Posted on Aug 10, 2017
Ken who has written 6 mystery novels and is currently working on the 7th which has a working title "Casper Potts and the Ladies Casserole Club."  Ken was born in Los Angles and grew up in Southern CA.  At age 5 1/2 in 1943 he woke up and couldn't move to get out of bed.  He spent the next 11 years in and out of hospitals as doctors tried to deal with the ravages of Polio.  59 years ago he married his childhood sweetheart Arlene.  Together they had 3 children, 4 grand children and 9 great grand children.  He worked for Pacific Telephone Company for 38 years.  After retiring he started writing articles for Golf Magazine.  He also wrote for Golf Digest, Golf Illustrated, and  During 2 NBC Celebrity Golf Tournaments in South Lake Tahoe he interviewed Bruce Jenner, before he changed his name, Jim McMahon of Chicago Bears Football fame, Dan Quayle, former Vice President, Matt Lauer, journalist among others.  He and his wife sing in the Healdsburg Community Chorus.  They also have been a part of the Camp Rose players since 1991 and have worked in over 50 plays.  
At age 6 he met the doctor who would work with him over the next 11 years to help correct the damage Polio had done.  The goal was for Ken to walk with a normal gait which at the time was impossible. 
Many people today are too young to understand what Polio was.  Most parents would go to bed at night worried that they would wake up to find their children had polio.  That is exactly what happened to him.  One day he couldn't get out of bed.  Polio wasn't the kind of disease that would kill you, it just paralyzes you.  It would put you in a place where you had to try to deal with it, possibly for the rest of your life.  The Polio epidemic nearly collapsed our medical system because of the large numbers.  The treatment required was extensive.  Every year 20,000 to 30,000 people would be diagnosed with the disease.  After 20 years 700,000 or 800,000 people still being treated.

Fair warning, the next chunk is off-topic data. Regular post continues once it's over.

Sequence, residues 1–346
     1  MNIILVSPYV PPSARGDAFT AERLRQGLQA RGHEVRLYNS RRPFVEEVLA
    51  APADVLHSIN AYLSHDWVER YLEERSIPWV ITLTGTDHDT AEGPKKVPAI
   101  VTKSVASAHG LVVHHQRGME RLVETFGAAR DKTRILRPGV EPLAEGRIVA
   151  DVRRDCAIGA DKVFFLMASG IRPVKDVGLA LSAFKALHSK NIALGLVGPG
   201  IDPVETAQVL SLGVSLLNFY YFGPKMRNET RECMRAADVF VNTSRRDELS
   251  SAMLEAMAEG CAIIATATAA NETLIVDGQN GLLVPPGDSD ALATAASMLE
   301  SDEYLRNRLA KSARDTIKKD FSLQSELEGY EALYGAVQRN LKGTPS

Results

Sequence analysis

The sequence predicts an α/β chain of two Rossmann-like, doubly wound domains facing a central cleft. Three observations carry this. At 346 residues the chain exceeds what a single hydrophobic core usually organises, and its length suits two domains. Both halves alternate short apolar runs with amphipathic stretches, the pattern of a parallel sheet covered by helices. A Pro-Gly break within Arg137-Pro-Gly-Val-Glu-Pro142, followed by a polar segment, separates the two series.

Fear of the disease was extreme.  He showed a picture from the Chronicle 1933 showing a Girl Scout camp closed due to fear of polio.  To show how stressed the hospitals were he showed a picture of a gym that had been converted to a polio ward.  The backboards and hoops were visible at each end of the courts covered by beds with young children in them.  Hospitals ran out of room quickly and had to improvise.
Polio patients lives were changed forever.  Writing this book he realized how much his and his loved ones lives changed.  He showed a picture of the Hospital he was in.  He talked about the boys ward on the third floor.  14 beds were filled with boys from 6 to 12 years of age who had absolutely nothing to do - no TV, no radio, just lie in your bed.  At any time this is a dangerous situation.  The boys were in the ward awaiting or recovering from various operations to try to correct the damage of polio.
The first successful vaccine was made available in the 50s.  The top of the page major headline announced a vaccine that was 80 to 90% effective against polio.  The terror of polio was so severe it warranted a major bold print headline even though it was not 100% effective.  People were so afraid of polio they accepted it as being a major breakthrough.  The Salk vaccine was injected and was soon followed by Sabin Vaccine which could be taken orally. 
After admitting that he is an avid golfer he showed a picture of a fellow (not him) playing golf wearing a leg brace.  He then admitted "...polio people (survivors) are pretty crazy."  Thanks to Rotary someday this disease will not exist.  The Physical Therapy industry became a profession because of polio.  As a society we learned more about the body and how its muscles work.